By Egon Cossou
Africa Business Report, BBC World News, Botswana
Botswana's government wants to export more beef
Boyce Sebenego's farm lies 250 kilometres from Botswana's capital city, Gaborone. It is very much a family affair. Boyce runs it with his father and hopes to pass it on to his son.
Beef is the name of the game here. This 6,500 hectare farm boasts a thousand cattle.
It is something of a rarity in these parts. It has been run as a commercial enterprise for close to 20 years.
Many farms in Botswana are run on a part-time, non-professional basis. That's because raising cattle is an important part of the culture. It is a traditional way of expressing wealth.
So a lot of land is used by informal, non-commercial farmers.
Before the family moved in, the farm was used by the local community. That meant anyone raising cattle on a casual basis could use it for grazing. But it is hot and dusty here - the farm lies at the edge of the Kalahari desert.
Only people with the cash to irrigate the land could afford to turn it into a professional farm. So the Sebenegos invested heavily in a borehole to bring in much-needed water and turn the plot into a going concern.
Botswana's part-time cattle farmers
They are now looking to expand, with the help of a government loan designed to boost agriculture. This fits in with the government's aim of expanding its beef industry.
It sends the meat around the world - with the European Union being a particularly important customer. Last year, exports earned around $80m (£48m) - a figure the country wants to see growing.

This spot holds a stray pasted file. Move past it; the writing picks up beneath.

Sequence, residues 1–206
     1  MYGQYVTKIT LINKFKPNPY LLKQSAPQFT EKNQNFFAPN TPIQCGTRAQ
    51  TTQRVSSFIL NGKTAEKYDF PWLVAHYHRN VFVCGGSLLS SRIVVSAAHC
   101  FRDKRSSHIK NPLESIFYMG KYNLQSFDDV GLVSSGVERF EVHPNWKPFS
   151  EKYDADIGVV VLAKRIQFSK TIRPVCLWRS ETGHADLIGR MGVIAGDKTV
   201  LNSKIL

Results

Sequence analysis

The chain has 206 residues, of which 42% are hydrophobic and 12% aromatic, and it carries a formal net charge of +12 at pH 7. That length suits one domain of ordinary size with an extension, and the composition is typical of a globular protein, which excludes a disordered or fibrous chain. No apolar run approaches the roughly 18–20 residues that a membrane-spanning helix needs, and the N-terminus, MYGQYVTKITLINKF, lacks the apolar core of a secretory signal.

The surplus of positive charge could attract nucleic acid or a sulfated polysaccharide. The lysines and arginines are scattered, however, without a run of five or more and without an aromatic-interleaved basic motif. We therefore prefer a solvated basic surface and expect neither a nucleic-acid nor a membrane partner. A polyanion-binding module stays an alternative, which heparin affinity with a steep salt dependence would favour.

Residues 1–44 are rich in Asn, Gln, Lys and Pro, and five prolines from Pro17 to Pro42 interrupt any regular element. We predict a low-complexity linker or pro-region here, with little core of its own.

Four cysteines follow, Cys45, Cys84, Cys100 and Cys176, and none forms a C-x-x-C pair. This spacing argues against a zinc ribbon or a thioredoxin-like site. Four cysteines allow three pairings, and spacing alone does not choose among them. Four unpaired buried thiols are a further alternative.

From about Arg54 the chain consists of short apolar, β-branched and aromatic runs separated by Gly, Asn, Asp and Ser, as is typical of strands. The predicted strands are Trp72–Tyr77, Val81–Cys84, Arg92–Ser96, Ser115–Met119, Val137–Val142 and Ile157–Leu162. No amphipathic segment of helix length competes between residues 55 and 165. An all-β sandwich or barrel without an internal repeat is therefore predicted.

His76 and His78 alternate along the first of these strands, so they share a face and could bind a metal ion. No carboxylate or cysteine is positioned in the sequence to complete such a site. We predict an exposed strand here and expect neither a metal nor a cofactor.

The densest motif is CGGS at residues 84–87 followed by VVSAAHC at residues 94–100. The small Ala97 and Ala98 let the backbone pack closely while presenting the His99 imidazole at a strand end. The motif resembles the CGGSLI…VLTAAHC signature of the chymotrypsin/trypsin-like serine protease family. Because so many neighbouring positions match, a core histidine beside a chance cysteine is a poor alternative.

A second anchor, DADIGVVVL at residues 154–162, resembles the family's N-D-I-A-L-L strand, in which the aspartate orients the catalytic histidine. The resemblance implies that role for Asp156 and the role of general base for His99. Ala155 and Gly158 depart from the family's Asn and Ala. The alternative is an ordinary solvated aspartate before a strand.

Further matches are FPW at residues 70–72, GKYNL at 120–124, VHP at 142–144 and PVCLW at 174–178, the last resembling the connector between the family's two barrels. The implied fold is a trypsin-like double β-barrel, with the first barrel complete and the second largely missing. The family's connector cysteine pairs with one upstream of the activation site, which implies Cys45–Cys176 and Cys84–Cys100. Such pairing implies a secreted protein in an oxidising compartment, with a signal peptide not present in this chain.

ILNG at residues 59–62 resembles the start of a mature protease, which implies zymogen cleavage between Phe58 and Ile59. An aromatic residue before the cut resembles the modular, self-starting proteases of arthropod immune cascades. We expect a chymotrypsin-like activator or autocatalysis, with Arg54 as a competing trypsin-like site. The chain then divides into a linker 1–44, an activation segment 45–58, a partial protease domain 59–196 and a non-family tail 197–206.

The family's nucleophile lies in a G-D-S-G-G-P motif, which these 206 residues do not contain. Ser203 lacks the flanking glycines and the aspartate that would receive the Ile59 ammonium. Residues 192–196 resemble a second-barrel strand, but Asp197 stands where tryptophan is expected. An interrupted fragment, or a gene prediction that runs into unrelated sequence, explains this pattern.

A short drive away from the Sebenegos' farm lies a privately-owned feeding station.
Younger animals are fattened up for market by a programme of intensive feeding.
It's all in the timing - you've got to get the right cows on the right feed at the right time or profits will suffer.
Feed lots like this offer the expertise many small farms may lack. So the authorities want to see feed points, to help make beef production more professional.
The cows are slaughtered and butchered at the Botswana Meat Commission (BMC), which looks after the country's beef exports.
Boyce Sebenego hopes to expand his business
Sonny Molapisi, general manager of marketing at the BMC, reckons this facility is only running at about 60% capacity.
''If we are to improve on the number of cattle that are sent in for slaughter we have to convert from oxen production to what we call weaner production," he says.
"It means we are able to take cattle to slaughter at a younger age while it is still in its prime stage. It enables me, when I sell the product in the international market, to compete on the same level as industrialised countries."
Back on the farm Boyce continues to plan for expansion. He wants to pass an even bigger business on to his son.
But success will be more than just a family affair - the entire industry hopes the spread of the professional farmer will make it a major foreign revenue earner.
Africa Business Report is a monthly programme on BBC World News. The next programme will be on Saturday, 21 November at 0130 GMT and 2230 GMT, and on Sunday, 22 November at 1330 GMT and 2130 GMT.
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